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Young Diplomats of Utah High School Program offers Diplomacy Exchange with Jóvenes en Acción

Youth participants earn Citizen Diplomacy Certification badges, a great resume builder.

Utah Civic Learning Collaborative (UCLC) sat down with Vincent Carson of Utah Council for Citizen Diplomacy (UCCD) to learn more about an upcoming opportunity to build global leadership skills in Utah youth.

UCLC: First, what is the Utah Council for Citizen Diplomacy?

Vincent: The UCCD is a nonpartisan nonprofit with a mission to promote respect and understanding between the people of Utah and other nations. We do this through citizen diplomacy: the concept that all people have the responsibility to take part in international affairs, one handshake at a time.

For more than fifty years, UCCD has been working with the U.S. Department of State to bring emerging leaders from around the world to Utah through their International Visitor Leadership Program. We provide space for critical conversations related to global issues.

What is your role in preparing youth for civic life?

Our Young Diplomats of Utah high school leadership program prepares youth aged 14-32 to enter our globally interconnected world. Participants explore international affairs by attending events, meeting with subject-matter experts and real diplomats, and participating in diplomacy simulations that grow their leadership skills and experience. Participants collect ‘badges’ for each of the ways they engage, culminating in a Citizen Diplomacy Certification that they can carry with them through their post-secondary and career. This certification also builds core competencies outlined in Portrait of a Graduate, which identifies the ideal characteristics of a Utah graduate after going through the K-12 system.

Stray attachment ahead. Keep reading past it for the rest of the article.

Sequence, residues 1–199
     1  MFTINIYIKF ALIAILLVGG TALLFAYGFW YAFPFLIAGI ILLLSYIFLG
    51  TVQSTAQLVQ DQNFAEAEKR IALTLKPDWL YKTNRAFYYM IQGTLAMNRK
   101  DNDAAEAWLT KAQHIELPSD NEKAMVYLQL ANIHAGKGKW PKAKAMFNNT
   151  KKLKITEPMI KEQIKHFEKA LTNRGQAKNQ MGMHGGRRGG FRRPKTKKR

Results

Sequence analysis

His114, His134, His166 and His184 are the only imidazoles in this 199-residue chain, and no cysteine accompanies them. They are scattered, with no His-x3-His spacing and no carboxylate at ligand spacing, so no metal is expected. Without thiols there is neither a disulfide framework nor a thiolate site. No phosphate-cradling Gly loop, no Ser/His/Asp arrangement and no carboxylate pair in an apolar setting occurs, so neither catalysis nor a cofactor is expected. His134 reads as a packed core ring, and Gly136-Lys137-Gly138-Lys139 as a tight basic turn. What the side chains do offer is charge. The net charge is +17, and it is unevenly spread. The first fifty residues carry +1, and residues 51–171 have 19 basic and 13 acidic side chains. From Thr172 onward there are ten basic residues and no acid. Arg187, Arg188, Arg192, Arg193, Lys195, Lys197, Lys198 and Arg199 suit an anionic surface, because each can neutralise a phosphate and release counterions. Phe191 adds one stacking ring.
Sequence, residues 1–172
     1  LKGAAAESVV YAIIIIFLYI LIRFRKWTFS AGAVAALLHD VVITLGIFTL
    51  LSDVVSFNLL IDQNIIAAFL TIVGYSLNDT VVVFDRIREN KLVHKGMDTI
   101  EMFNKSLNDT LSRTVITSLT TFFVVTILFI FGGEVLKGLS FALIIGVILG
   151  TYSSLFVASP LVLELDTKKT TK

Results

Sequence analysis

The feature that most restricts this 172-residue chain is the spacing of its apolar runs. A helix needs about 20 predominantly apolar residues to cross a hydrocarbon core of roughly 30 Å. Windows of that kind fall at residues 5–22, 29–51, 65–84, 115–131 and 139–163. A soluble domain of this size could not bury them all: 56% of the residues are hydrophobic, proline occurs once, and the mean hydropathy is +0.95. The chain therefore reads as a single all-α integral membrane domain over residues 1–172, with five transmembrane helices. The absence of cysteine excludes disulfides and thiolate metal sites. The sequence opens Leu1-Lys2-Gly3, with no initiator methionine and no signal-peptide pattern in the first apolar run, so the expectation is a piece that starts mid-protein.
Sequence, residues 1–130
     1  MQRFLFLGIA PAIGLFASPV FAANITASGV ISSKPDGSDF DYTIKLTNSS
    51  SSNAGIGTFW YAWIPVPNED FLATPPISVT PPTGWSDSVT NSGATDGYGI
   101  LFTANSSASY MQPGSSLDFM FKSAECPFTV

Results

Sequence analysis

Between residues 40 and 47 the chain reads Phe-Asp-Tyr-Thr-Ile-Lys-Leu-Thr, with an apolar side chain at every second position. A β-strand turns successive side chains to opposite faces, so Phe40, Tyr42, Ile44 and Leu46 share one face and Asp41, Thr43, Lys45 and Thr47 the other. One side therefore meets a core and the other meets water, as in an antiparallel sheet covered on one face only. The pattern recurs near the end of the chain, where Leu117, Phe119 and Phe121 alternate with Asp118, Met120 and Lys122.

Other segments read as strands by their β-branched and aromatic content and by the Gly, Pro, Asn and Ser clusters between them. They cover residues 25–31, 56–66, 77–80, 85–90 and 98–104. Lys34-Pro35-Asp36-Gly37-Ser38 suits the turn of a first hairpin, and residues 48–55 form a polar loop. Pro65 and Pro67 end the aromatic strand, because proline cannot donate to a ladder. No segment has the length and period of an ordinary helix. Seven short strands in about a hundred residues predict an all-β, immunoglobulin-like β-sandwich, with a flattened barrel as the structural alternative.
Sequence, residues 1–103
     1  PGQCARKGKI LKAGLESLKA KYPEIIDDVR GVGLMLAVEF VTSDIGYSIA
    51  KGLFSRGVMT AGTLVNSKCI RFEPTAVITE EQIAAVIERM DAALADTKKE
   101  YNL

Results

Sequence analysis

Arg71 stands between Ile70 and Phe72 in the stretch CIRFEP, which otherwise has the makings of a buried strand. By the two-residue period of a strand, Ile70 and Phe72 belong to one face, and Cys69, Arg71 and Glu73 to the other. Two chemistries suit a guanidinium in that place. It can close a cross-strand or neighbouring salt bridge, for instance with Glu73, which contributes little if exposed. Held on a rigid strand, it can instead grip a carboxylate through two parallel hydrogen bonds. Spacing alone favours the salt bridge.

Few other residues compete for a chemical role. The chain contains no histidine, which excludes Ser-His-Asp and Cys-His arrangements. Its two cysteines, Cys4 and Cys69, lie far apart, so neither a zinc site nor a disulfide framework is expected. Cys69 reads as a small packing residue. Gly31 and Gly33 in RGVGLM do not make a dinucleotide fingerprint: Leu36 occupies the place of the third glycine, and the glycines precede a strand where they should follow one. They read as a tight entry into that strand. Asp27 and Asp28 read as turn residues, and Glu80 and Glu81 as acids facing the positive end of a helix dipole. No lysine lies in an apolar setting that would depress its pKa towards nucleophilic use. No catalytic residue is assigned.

Can you describe the program you have coming up on October 26th?

In conjunction with the Jóvenes en Acción (youth in action) exchange program, UCCD is hosting a virtual diplomacy simulation between high school students in Utah and about 25 of their English-speaking peers in Mexico. This online event will sort students into five competing teams with the task of negotiating water rights between two fictive nations. Senator Luz Escamilla will join the event to discuss her role on the Utah Legislature International Relations and Trade Committee, as well as the power of positive U.S. – Mexico relations.

Space is limited, so encourage students to sign up quickly! Just like all of our youth programs, this simulation is free. Educators are welcome to attend and observe, as are lawmakers and the media. Email for further information.

How can educators or others support your program?

Educators can get involved in a variety of ways! First, we would love you to encourage your students to participate in the upcoming simulation, as well as our year-long Young Diplomats of Utah program. Educators are also encouraged to form teams in our Academic WorldQuest knowledge competition, taking place in March 2022. Outside of the classroom, all Utahns are welcome to attend our World Affairs Lecture Series events, with the next virtual lecture happening on November 9th.

What brought you to the Utah Civic Learning Collaborative?

I got involved into the Utah Civic Learning Collaborative because I have seen the power of that experiential civics has on student growth and believe that now is the moment for Utah to invest in innovative ideas that facilitate young peoples’ engagement in civic life. I love that the UCLC brings educators, nonprofits, and lawmakers together to build the momentum high quality civic teaching and learning.

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